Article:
Energy Efficiency, T&D, Transmission

Case Study: World’s Largest Steel Manufacturer Joins Capacity Market to Help Solve Peak Power Shortage

Issue 11 and Volume 19.

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by Luis de Miguel Martinez, ArcelorMittal Energy SCA, and Pieter-Jan Mermans, REstore

A landmark agreement between steel manufacturers Aperam and ArcelorMittal and demand response firm REstore will allow the return of up to 150 MW to the transmission grid at peak times.

The agreement will deliver cost savings for two of ArcelorMittal’s Belgian factories and contribute enough power to mitigate the grid’s need for new peak power plants.

Aperam, with its stainless steel business, and ArcelorMittal, the world’s largest steel manufacturer and supplier, have partnered with European demand response aggregator REstore to implement an innovative way to manage energy consumption, create new revenue and contribute to the country’s power needs.

ArcelorMittal together with Aperam consumes approximately the same amount of gas and electricity as all of Austria, or 25 percent of the total annual energy consumption in the U.K. Managing the cost of this energy plays a vital role in ArcelorMittal’s market strategy; the company must remain competitive in a global steel market. To compete against China, Brazil, Russia and other countries, ArcelorMittal’s European factories must mitigate growing costs from energy taxes, transport and renewables levies. One of the levers to mitigate part of this impact was the setup by ArcelorMittal of an internal business unit called ArcelorMittal Energy SCA in 2011 to focus on energy optimization and energy trading for its European manufacturing plants.

ArcelorMittal Energy SCA is working with REstore to intelligently reduce its power demand, pooling the resultant spare megawatts to relieve pressure from the transmission grid at peak times.

Market Context

In recent years, the U.K. Big Six utilities-British Gas, EDF, E.ON AG, nPower, Scottish Power and SSE-have closed or mothballed old and unprofitable power plants all across Europe. When the EU Large Combustion Plant Directive (LCPD) is fully implemented in 2015, more than 12 GW of noncompliant gas and coal power plants also will be shut down. The U.K. alone will see at least nine such plants closed. The European Parliament originally introduced the LCPD in 2001 to reduce acidification, ground-level ozone and particles throughout Europe by controlling emissions from large combustion plants in power stations, refineries, steelworks and other industrial processes.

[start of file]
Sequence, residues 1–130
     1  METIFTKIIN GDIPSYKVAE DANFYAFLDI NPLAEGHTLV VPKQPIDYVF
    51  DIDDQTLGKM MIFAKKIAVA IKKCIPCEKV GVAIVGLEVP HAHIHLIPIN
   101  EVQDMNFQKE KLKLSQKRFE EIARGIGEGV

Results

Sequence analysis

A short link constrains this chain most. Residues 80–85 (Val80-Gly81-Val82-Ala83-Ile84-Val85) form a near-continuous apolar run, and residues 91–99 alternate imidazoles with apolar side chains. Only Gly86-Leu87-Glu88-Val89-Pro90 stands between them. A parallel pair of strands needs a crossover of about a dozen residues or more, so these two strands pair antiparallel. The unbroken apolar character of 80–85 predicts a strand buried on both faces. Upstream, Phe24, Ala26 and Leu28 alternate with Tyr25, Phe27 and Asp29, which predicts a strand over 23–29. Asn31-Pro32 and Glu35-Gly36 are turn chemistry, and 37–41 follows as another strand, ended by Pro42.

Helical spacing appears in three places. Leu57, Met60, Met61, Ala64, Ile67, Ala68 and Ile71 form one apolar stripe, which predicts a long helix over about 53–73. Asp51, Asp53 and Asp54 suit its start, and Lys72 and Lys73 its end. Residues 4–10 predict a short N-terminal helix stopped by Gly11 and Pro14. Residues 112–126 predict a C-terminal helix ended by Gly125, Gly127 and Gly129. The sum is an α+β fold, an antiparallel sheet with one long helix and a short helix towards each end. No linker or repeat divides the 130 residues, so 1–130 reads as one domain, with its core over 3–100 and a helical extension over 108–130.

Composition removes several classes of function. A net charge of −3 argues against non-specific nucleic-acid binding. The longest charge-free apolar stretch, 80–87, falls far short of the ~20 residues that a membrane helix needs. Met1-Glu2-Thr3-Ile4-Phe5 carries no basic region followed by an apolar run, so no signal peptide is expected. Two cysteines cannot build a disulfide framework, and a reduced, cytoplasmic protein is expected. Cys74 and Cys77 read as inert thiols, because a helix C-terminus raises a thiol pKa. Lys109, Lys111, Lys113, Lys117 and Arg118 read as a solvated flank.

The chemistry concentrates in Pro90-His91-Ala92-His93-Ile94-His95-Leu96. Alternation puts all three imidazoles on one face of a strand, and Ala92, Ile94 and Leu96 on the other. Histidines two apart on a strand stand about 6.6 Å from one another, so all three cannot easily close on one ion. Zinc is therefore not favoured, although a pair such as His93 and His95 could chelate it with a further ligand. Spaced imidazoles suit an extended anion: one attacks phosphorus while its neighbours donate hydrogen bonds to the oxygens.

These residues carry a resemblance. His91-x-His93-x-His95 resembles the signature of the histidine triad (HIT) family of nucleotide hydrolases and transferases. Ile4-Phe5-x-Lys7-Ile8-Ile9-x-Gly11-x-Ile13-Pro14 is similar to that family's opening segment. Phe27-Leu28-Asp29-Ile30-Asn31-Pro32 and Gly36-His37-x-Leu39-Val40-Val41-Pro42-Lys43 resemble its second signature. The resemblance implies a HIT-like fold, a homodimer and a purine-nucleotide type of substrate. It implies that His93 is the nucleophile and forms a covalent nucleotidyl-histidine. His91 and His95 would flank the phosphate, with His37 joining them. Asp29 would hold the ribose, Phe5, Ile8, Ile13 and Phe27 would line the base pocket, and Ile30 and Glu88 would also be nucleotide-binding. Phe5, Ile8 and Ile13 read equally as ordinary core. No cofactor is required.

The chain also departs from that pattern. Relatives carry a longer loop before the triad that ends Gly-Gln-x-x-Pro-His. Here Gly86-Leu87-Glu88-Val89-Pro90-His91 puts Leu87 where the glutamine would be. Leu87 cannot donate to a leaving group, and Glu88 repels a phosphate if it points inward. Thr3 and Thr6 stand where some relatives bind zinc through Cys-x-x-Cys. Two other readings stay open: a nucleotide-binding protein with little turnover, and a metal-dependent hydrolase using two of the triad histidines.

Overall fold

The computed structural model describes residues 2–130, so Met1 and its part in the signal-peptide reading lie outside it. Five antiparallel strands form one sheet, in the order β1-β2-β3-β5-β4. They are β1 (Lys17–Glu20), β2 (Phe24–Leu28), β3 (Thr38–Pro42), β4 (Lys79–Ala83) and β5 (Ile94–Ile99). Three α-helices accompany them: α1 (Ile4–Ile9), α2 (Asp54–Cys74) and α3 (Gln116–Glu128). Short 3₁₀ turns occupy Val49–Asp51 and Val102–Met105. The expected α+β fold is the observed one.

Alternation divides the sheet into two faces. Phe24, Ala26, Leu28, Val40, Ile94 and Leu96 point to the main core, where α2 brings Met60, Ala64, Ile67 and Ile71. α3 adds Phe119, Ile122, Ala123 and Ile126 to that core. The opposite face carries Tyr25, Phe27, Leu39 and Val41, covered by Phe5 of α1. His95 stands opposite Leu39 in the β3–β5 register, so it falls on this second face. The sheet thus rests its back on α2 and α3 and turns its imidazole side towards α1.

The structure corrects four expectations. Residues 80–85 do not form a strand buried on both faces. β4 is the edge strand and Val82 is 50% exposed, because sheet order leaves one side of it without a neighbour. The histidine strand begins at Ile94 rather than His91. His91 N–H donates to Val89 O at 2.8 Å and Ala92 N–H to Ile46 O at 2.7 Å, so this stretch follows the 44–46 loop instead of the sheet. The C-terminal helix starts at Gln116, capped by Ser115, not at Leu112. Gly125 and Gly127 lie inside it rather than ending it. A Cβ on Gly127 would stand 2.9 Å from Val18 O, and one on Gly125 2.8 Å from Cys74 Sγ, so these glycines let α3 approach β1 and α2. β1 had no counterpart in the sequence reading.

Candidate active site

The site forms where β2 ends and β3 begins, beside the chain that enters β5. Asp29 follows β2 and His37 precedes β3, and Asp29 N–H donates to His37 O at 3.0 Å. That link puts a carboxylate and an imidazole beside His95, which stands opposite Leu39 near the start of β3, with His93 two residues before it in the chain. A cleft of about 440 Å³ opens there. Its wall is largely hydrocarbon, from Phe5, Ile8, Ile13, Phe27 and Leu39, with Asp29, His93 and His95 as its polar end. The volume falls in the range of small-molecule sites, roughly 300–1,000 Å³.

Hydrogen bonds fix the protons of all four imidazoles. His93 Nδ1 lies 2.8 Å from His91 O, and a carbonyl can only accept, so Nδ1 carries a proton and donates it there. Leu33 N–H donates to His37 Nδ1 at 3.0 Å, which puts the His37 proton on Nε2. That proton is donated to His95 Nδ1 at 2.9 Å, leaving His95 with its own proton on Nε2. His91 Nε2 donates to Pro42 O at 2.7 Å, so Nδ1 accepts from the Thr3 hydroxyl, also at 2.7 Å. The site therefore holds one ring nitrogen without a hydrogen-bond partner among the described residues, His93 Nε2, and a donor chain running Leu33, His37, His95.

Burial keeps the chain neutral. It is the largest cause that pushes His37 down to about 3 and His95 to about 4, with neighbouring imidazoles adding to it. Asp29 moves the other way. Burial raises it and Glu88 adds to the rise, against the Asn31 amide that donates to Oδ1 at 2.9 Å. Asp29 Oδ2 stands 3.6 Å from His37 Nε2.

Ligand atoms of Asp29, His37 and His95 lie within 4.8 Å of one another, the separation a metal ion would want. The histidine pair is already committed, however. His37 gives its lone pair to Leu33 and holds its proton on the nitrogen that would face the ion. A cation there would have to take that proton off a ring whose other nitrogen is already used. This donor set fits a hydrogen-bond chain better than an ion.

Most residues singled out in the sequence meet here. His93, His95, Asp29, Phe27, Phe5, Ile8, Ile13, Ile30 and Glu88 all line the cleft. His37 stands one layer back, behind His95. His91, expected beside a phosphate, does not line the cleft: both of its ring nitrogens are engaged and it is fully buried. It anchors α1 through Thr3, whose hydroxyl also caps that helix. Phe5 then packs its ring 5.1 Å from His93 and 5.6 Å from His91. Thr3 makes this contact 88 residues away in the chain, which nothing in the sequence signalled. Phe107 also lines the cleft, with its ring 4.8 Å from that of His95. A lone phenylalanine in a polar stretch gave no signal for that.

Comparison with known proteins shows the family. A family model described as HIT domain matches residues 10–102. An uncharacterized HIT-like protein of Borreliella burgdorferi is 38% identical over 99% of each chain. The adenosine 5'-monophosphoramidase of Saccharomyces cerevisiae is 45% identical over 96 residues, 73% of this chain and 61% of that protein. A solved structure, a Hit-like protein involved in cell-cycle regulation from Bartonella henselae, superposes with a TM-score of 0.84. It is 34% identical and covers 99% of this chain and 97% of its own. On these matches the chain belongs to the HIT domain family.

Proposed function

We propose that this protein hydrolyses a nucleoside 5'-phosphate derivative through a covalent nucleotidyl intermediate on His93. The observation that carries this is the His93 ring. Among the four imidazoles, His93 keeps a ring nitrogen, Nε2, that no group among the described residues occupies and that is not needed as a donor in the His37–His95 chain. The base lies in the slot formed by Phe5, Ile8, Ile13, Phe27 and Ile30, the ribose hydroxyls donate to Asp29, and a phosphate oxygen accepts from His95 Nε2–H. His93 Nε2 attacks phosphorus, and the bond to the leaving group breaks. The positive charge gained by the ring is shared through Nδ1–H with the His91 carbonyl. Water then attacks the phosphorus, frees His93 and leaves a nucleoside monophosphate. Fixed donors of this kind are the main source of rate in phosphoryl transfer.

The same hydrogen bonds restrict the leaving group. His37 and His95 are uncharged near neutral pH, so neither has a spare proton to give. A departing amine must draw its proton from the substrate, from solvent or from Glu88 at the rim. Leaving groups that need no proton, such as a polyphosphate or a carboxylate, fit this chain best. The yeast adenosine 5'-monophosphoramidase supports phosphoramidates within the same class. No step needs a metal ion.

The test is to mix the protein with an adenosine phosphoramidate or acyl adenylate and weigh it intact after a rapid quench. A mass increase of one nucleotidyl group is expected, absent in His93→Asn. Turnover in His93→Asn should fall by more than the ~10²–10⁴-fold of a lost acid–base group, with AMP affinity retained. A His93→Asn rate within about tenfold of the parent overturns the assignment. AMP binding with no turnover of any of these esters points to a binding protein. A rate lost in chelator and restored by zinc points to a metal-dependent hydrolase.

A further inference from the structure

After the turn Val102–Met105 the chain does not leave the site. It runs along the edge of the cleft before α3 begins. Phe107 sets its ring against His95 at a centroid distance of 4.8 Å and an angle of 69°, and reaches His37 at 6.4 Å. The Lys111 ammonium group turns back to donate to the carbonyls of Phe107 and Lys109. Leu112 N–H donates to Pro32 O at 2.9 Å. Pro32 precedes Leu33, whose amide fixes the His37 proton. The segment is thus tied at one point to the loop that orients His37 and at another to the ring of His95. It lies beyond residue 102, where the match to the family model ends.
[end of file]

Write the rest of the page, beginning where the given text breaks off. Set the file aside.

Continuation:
With fewer gas and coal power plants to rely on, transmission system operators in countries such as the U.K., France and Belgium will find it increasingly difficult to absorb spikes in energy demand. On cold winter days, for example, demand increases as people need more heat in their homes. If demand outpaces supply-an increasing problem as more intermittent renewables are added to the energy mix-then the country’s lights could go out.

Until recently, the suggested solution was to invest in new peak power plants to provide emergency power during times of intense need; however, transmission system operators and regulators are looking for cheaper, more sustainable alternatives. The large-scale deployment of demand response offers a solution. Elia in Belgium and National Grid in the U.K. already use demand response.

The Solution

REstore partners with transmission system operators in the U.K. and Belgium, along with big industrial consumers across Europe, to relieve pressure on the grid in real time by helping consumers curtail power demand. In turn, consumers receive a payment big enough to incentivize their ability to reduce power vs. their fixed costs. Demand response technology improves the efficiency of current energy infrastructure and production, thereby reducing the need for more gas- or coal-powered plants, which would increase unwanted carbon emissions. REstore has the equivalent of a virtual gas power plant with approximately 1 GW of peak load energy under management.